Study: Hospitals often lack financial incentive to reduce medical errors

Research shows hospitals often make more money when medical errors occur; this relationship may make it difficult for hospitals to address malpractice.

Medical professionals in Costa Mesa have a responsibility to provide patients with the highest quality of care and the best outcomes possible. While hospitals must support this professional duty, they also must generate revenue to support ongoing operations. Unfortunately, these two goals are sometimes at odds. Research shows that hospitals often profit more from injury and other adverse patient outcomes than from successful treatment, which may create a problematic conflict of interests.

Perverse incentives

A 2013 study published in the Journal of the American Medical Association found that hospitals often profit from surgical errors, which generate additional revenue through prolonged patient hospital stays and corrective treatments, according to the New York Times. Researchers analyzed the records of 34,256 patients who had surgery in a Texas hospital in 2010. The study produced the following findings:

  • Complications that should have been prevented affected 1,820 patients, with some patients suffering from more than one complication.
  • On average, the patients who experienced complications had to spend 14 days in the hospital. This represented a fourfold increase over the length of time that other patients spent in the hospital.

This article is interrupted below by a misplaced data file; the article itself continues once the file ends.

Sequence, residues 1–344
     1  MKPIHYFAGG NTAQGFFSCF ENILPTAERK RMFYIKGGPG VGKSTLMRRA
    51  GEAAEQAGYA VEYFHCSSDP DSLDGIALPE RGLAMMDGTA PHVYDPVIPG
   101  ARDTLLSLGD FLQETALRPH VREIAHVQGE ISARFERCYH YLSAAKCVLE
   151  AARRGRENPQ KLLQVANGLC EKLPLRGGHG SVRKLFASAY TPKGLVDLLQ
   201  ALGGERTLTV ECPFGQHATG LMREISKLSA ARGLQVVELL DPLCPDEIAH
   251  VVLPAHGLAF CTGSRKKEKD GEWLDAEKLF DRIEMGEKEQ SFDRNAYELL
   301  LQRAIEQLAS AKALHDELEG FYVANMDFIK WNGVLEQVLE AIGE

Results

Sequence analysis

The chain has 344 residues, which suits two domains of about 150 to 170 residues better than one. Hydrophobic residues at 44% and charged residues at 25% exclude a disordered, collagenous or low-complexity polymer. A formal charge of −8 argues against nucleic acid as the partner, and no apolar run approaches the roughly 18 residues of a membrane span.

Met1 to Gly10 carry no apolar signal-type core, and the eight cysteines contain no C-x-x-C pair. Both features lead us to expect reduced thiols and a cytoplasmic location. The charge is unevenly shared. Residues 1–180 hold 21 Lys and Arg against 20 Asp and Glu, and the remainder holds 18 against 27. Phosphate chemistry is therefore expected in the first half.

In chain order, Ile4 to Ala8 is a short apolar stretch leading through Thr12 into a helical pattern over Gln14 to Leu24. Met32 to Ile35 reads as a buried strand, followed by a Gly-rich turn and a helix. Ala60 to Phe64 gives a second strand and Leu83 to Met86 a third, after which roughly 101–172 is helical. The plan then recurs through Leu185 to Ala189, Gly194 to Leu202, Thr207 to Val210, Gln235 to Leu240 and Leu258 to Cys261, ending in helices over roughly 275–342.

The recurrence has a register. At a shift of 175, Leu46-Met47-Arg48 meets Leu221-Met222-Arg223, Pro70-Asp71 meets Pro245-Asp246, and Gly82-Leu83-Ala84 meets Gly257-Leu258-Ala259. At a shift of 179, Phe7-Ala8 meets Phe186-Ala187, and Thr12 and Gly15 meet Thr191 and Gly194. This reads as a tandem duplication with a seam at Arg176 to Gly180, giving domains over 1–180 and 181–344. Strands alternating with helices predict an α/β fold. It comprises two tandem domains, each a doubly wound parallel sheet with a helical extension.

• For each patient who suffered from complications, the hospital earned an extra $30,500 in revenue, on average.

The study's authors note that the findings do not suggest hospitals intentionally make or allow errors to generate extra revenue. However, the fact that better performance is generally tied to financial loss may make it difficult for hospitals to make needed improvements to address the issue of medical malpractice.

There are a few potential solutions to this problem, according to the New York Times. Insurance companies could pay hospitals "bonuses" for providing a higher quality of care. Insurers could also stop paying for expenses associated with subpar care and resulting complications.

Sanctions in California

The use of financial sanctions to discourage poor hospital performance is a model currently being used to a limited extent in California. The state's Department of Health Care Services has stopped reimbursing hospitals for treatment that Medi-Cal patients need after suffering from preventable errors. According to Southern California Public Radio, 85 hospitals have been penalized for errors made between July 2013 and August 2014.

These sanctions represent a step in the right direction, but they do not affect every hospital that has caused unnecessary harm. The DHCS only penalized 85 hospitals out of the 145 that reported mistakes. Since reporting guidelines leave room for interpretation, many hospitals may not report the full extent of preventable errors. Additionally, the DHCS only penalizes hospitals for errors affecting Medi-Cal patients; many hospitals may make mistakes that harm other patients without facing any sanctions.

Sadly, given the state of the current healthcare system, many patients may be affected by preventable medical errors. People who have suffered injuries or other harm because of substandard medical care should speak with a medical malpractice attorney about pursuing compensation for those injuries.

Keywords: malpractice, injury, negligence